To evaluate the contribution of working muscle to whole body lipid oxidation, we examined the effects of exercise intensity and endurance training (9 wk, 5 days/wk, 1 h, 75% V̇o2 peak) on whole body and leg free fatty acid (FFA) kinetics in eight male subjects (26 ± 1 yr, means ± SE). Two pretraining trials [45 and 65% V̇o2 max (45UT, 65UT)] and two posttraining trials [65% of pretraining V̇o2 peak (ABT), and 65% of posttraining V̇o2 peak (RLT)] were performed using [1-13C]palmitate infusion and femoral arteriovenous sampling. Training increased V̇o2 peak by 15% (45.2 ± 1.2 to 52.0 ± 1.8 ml·kg−1·min−1, P < 0.05). Muscle FFA fractional extraction was lower during exercise (EX) compared with rest regardless of workload or training status (≈20 vs. 48%, P < 0.05). Two-leg net FFA balance increased from net release at rest (≈−36 μmol/min) to net uptake during EX for 45UT (179 ± 75), ABT (236 ± 63), and RLT (136 ± 110) (P < 0.05), but not 65UT (51 ± 127). Leg FFA tracer measured uptake was higher during EX than rest for all trials and greater during posttraining in RLT (716 ± 173 μmol/min) compared with pretraining (45UT 450 ± 80, 65UT 461 ± 72, P < 0.05). Leg muscle lipid oxidation increased with training in ABT (730 ± 163 μmol/min) vs. 65UT (187 ± 94, P < 0.05). Leg muscle lipid oxidation represented ∼62 and 30% of whole body lipid oxidation at lower and higher relative intensities, respectively. In summary, training can increase working muscle tracer measured FFA uptake and lipid oxidation for a given power output, but both before and after training the association between whole body and leg lipid metabolism is reduced as exercise intensity increases.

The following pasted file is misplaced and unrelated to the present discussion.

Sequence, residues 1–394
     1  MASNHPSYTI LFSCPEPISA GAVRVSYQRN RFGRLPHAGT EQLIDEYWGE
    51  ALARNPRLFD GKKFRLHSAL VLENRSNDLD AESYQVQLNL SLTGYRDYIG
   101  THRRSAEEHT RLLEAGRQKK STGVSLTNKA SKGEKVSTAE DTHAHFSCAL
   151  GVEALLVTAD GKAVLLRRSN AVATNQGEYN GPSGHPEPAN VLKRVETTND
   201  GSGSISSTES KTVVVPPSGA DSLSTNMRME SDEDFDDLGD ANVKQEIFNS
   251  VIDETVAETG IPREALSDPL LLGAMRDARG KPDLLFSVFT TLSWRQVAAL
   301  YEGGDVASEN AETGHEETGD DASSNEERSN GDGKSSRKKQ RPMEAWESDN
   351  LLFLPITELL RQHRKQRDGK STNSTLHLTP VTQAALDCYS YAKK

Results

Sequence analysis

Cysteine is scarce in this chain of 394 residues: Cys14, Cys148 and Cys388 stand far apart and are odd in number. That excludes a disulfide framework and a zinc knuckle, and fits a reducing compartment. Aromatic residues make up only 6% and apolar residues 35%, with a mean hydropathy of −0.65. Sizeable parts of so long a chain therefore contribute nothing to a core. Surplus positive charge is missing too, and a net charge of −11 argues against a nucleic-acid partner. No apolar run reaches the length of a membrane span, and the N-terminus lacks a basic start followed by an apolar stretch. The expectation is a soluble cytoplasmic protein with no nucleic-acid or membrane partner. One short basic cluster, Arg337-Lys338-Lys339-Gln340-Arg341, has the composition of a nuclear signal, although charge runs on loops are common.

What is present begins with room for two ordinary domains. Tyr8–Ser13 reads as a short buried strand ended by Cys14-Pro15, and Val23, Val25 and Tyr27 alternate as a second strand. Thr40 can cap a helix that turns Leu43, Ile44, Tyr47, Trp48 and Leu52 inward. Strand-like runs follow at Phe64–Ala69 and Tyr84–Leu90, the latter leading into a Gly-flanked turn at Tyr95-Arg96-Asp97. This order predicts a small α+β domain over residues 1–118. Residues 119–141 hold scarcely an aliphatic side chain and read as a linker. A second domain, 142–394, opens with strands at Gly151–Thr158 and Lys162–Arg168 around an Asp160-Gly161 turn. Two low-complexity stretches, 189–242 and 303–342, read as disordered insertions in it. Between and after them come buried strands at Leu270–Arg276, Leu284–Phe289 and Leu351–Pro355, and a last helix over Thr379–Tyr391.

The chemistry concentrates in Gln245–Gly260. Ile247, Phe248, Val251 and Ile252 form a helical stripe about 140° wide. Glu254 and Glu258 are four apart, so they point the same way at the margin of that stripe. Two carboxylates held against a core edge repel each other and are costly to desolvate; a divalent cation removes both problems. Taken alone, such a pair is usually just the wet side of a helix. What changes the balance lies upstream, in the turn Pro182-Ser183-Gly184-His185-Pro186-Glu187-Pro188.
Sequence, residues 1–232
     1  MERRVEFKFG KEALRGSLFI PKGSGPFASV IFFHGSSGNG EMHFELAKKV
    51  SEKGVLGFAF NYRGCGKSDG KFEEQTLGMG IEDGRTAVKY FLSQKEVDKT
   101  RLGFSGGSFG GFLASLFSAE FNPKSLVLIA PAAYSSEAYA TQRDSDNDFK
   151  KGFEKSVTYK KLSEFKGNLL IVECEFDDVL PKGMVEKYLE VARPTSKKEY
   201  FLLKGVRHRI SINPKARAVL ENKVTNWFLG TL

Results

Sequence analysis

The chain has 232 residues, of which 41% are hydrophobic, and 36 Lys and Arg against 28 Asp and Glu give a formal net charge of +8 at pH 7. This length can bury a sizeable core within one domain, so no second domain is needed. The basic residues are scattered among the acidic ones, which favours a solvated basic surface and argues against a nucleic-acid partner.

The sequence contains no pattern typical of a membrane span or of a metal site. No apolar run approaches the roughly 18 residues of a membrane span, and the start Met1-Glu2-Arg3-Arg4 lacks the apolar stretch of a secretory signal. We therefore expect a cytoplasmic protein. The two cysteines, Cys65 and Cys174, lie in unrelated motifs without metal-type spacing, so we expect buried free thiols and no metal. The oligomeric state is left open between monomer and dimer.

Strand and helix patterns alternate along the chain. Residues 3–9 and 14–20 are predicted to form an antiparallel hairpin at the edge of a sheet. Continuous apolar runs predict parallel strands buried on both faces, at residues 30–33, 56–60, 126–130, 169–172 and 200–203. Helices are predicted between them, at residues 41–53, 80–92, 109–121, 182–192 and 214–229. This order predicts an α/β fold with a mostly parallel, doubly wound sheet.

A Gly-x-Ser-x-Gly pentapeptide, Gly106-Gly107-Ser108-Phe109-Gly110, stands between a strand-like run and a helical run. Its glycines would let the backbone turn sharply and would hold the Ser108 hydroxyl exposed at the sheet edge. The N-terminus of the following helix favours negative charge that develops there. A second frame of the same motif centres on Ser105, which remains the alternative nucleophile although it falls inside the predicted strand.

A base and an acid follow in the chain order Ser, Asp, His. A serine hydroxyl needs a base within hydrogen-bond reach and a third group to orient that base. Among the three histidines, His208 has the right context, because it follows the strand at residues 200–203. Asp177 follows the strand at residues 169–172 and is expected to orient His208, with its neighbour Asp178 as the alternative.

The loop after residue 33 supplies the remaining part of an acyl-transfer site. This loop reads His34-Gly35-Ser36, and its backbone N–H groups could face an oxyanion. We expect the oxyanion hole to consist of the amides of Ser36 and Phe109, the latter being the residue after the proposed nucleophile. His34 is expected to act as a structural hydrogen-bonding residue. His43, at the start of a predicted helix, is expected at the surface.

- crossover concept
- free fatty acids
- substrate partitioning
- regional metabolism
- Copyright © 2007 by American Physiological Society